The availability or otherwise of spectrum is one of the perennial determinants shaping the present and future of the communications sector. In fact, Real Wireless has investigated the subject at length for regulators and helped them develop policy to address future needs. In fact spectrum policy is so important it’s worth stepping back to consider the many ways in which spectrum impacts technology choices, economics and social inclusion.
Wireless networks cannot operate without spectrum. This is why MNOs spend millions to acquire spectrum. However, the value of the spectrum for each MNO always depends on many factors.
More of the right kind of can mean higher network capacity and greater economic value from existing sites, better service quality and faster data rates available from additional capacity, increased depth of coverage particularly from lower frequency spectrum and strategic and defensive values as additional spectrum can deprive rivals of access and hamper their ability to develop competing mobile services.
If an operator has more spectrum relative to its competitors, then the advantages can act as a differentiator that allows them to attract a greater number of customers and increase its market share. Therefore, additional spectrum is always beneficial to MNOs.
New spectrum bands suitable to deploy mobile services are mostly awarded using some flavour of auction. This means MNOs have to develop their business case to understand the value of the spectrum for their business. So how do MNOs value spectrum?
As the demand increases over time, network capacity must be increased. Typically, MNOs deploy new sites, upgrade technologies or deploy additional spectrum in order to increase the capacity in their mobile networks.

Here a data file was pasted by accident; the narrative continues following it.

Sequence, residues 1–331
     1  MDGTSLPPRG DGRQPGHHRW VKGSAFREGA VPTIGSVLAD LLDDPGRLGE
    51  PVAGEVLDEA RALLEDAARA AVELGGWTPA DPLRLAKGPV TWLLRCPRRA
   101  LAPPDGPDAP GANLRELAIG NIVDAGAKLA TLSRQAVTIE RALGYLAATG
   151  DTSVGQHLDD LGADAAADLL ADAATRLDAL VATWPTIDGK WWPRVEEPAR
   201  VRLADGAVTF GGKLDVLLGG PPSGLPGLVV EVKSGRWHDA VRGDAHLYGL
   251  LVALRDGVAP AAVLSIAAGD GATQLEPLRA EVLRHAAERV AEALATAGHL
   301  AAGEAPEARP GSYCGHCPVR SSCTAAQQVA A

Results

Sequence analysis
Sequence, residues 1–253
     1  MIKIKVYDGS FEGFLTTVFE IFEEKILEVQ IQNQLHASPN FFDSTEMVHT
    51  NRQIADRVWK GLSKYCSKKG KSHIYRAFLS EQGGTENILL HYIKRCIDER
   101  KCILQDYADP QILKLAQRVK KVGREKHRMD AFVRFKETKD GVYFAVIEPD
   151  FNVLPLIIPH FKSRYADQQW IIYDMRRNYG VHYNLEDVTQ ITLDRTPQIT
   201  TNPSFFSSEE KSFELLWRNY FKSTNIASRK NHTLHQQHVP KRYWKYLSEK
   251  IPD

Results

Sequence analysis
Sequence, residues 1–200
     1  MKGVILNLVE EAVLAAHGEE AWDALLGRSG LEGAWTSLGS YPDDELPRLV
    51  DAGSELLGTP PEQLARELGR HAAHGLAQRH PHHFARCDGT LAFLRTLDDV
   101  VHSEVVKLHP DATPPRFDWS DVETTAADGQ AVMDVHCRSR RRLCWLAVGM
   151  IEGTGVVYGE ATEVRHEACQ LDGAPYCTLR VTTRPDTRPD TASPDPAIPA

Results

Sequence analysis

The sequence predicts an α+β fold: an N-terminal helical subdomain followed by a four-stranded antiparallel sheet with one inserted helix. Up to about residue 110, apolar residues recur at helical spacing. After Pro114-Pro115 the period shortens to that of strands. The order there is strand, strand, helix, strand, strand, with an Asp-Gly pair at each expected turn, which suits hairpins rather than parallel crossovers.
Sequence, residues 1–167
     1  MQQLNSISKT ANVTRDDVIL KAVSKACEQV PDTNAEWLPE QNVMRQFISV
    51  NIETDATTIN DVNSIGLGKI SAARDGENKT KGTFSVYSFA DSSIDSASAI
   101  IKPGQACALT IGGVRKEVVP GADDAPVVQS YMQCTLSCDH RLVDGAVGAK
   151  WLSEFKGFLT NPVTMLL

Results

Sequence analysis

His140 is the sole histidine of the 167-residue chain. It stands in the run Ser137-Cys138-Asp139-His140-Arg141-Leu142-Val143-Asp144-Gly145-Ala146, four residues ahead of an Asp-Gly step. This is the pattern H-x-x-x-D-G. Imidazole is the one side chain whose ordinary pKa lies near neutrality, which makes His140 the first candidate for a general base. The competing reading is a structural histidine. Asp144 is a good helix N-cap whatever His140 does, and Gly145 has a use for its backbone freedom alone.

The deployment cost of these capacity solutions varies significantly. For instance, the cost of deploying a new site is significantly higher compared to deploying an additional spectrum on an existing site. This means MNOs can save costs by deploying additional spectrum to serve the demand compared to deploying new sites (depending on the original cost of the spectrum).
If additional spectrum is not available, the MNO would have to deploy additional sites or use advanced technologies with increased spectrum efficiency, to meet the capacity demand. Access to additional spectrum may reduce deployment costs, as it would increase the network capacity and serve demand with the same site count. Similarly, additional spectrum could be used to increase coverage, particularly sub-1 GHz spectrum, without deploying additional sites.
This is the principle used in avoided cost modelling method, a best practice economic valuation methodology used by Real Wireless to estimate the market value of spectrum by regulators and MNOs. It is based on sound economic and engineering principles, and can be adapted to market circumstances. It also provides a robust estimate of spectrum value as it is based on the way MNOs plan network deployment and values additional spectrum to account for traffic growth.
It consists of two steps:
1. Estimation of the network deployment costs over a period with and without additional spectrum.
2. Calculation of the potential cost savings available to the MNO (i.e. ‘avoided cost’) with and without spectrum
Figure 1 shows the high-level block diagram of our overall approach:
Figure 1: Modelling approach
Input parameters required for the assessment are grouped into four areas:
1. Estimation of traffic demand relevant to the local market.
2. Estimation of the capacity gain available from the technology upgrades: 3GPP LTE standards now dominate mobile broadband and are expected to continue to do so. The standards are being continually updated with new releases, each of which purports to increase the efficiency by which each Hz of spectrum can be used to carry bits of information (the spectrum efficiency measure).
3. Considerations on the existing infrastructure and spectrum
4. Estimation of the total cost to serve the demand: The total cost can be estimated in terms of Capital expenditure (Capex) and Operational expenditure (Opex) using costs related to sites, maintenance, equipment and transmission/backhaul.
This is an example methodology we use to estimate the value of spectrum for regulators. Where detailed information is available, we also use more detailed methodologies considering the discounted cash flows. We continue to work closely with regulators and MNOs around the world to help valuing spectrum as a part of their auction preparations. With our deep understanding of these issues, we are well placed to develop customised spectrum valuation models for MNOs and regulators to prepare for auctions.